In the old days, generating press cards and staff cards each year for the literally thousands of people who work in and around the Capitol would have meant burning a ton of double-image Polaroids one instant picture for each ID card; one each for the files.
A lot of Polaroid every year.
Not anymore, though. On Capitol Hill the whole process has gone digital yet another reason why Polaroid Corp. has filed for bankruptcy.
And, in fact, though I still go through Polaroid like there's no tomorrow in my editorial and commercial work, the fact is I am finding digital photography a far more convenient proofing tool than the miraculous, but messy, stuff invented by Edwin Land decades ago in Cambridge, Mass.
But, as so often happens, the new technology has its drawbacks: drawbacks that make it impossible for me to abandon Polaroid totally.
I first tried out digital proofing last month, when shooting a magazine feature for MAMM Magazine in New York. MAMM is a glossy slickly-designed niche magazine aimed at female cancer survivors, concentrating on, though not limited to, survivors of breast cancer.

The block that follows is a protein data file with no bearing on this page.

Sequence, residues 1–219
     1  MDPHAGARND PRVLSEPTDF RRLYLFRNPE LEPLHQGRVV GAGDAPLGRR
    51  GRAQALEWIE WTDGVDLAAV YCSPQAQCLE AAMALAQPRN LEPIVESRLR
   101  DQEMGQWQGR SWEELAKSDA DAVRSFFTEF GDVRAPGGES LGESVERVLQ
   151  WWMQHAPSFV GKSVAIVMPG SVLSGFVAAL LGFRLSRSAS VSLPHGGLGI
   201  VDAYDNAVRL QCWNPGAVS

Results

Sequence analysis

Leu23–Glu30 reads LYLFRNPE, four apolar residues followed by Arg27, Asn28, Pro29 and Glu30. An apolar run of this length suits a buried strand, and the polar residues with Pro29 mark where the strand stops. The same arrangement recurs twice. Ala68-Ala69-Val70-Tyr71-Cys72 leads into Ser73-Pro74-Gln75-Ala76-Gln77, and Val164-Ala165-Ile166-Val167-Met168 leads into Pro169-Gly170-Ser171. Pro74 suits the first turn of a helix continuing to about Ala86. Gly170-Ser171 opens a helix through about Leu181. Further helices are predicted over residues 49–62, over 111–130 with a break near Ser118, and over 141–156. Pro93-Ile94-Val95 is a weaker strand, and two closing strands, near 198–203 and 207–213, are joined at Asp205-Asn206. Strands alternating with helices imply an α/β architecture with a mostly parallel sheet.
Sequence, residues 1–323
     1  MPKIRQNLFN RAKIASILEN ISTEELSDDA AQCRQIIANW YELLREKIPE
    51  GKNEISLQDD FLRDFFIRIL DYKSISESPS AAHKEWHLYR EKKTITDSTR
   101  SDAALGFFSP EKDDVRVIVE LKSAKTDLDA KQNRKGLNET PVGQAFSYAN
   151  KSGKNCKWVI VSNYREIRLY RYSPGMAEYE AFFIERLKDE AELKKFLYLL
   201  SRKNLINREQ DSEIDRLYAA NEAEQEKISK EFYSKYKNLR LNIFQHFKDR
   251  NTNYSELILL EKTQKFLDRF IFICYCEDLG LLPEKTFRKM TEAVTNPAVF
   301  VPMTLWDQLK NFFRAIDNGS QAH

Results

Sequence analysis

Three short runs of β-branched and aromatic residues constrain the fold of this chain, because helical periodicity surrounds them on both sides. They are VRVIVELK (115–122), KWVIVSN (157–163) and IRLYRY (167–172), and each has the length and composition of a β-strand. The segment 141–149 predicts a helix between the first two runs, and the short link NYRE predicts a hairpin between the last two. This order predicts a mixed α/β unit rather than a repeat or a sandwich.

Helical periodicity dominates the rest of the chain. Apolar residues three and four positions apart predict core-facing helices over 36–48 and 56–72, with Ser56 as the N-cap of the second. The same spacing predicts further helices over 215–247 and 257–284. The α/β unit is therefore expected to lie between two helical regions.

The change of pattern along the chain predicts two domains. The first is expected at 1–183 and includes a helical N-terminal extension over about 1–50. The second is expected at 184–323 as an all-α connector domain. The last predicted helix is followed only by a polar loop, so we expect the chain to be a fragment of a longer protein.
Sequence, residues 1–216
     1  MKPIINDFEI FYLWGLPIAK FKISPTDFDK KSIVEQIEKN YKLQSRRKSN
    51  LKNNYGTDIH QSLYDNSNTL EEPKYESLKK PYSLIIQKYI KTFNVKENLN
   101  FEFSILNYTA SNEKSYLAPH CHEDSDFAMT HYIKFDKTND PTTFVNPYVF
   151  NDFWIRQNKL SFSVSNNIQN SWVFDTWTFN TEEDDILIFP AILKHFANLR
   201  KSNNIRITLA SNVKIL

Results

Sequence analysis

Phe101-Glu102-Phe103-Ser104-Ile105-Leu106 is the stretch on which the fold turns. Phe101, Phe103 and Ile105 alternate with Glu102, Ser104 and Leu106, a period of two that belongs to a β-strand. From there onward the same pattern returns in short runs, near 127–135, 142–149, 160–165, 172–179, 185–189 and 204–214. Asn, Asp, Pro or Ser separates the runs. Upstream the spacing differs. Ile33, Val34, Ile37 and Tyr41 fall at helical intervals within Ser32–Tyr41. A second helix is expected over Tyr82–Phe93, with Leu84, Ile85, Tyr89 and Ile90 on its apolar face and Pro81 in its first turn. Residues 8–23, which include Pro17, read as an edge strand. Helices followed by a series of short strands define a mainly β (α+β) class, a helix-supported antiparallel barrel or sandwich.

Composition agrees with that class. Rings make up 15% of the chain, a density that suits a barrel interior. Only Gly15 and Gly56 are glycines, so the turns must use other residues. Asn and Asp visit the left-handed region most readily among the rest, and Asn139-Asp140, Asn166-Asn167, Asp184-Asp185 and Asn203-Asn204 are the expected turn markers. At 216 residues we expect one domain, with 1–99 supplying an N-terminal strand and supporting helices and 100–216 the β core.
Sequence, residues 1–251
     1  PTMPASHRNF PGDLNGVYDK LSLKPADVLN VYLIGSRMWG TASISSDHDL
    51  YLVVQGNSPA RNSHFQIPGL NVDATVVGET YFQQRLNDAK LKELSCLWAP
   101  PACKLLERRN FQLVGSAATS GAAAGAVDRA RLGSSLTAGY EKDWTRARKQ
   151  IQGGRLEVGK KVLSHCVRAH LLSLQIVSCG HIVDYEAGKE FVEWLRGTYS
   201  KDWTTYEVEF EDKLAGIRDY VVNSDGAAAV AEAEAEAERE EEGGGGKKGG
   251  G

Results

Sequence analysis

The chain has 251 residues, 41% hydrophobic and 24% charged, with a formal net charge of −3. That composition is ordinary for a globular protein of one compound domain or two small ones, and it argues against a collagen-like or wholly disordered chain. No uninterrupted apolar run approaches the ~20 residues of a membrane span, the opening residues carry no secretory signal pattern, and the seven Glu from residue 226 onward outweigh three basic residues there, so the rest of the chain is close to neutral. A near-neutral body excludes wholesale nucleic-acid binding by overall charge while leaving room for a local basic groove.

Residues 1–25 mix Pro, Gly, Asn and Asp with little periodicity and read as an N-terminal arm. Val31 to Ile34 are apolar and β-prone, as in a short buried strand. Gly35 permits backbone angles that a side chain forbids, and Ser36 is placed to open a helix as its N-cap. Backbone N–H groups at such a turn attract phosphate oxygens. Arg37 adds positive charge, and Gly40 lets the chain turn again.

In this case MAMM's art director contacted us to shoot location pictures of Rae Johnson, a 58-year old English teacher at the Model Secondary School for the Deaf at Gallaudet University in Northeast Washington. Rae, I learned from the draft of the article that was e-mailed to me before I contacted her, has had three bouts with breast cancer, but so far has beaten back the big C with a combination of surgery, chemo and courage.
The article painted a picture of a plucky woman who was not about to be defeated, either by her disease or by the obstacles she had to overcome because of her other disability: deafness.
It sounded like a terrific job location pix of Rae teaching deaf students at MSSD, then a more formal portrait, all for MAMM's monthly series of profiles of "powerful survivors."
As it happened, my wife Judy and I had been photographing at Gallaudet for years, largely for MSSD's renowned performing arts program. But neither of us knew how to speak in sign language beyond a few rudimentary gestures and greetings. Happily, e-mail made communication a cinch and Rae and I were able to schedule a shoot quickly.
[Practical hint: when working against a deadline and magazines always seem to want stuff yesterday try skedding your sessions sooner rather than later, before the actual, drop-dead deadline. That way, if a session has to be scrubbed for some reason, there still may be time to re-schedule.]
[Second practical hint: If the shoot is to occur on only one day, ask the subject to bring a change of outfit, so that every picture doesn't have him or her dressed identically. Check out the quick-and-dirty personality profiles in popular magazines and you'll see what I mean. Nothing shouts a "hurry-up job" louder than a bunch of pictures with the subject in the same suit.]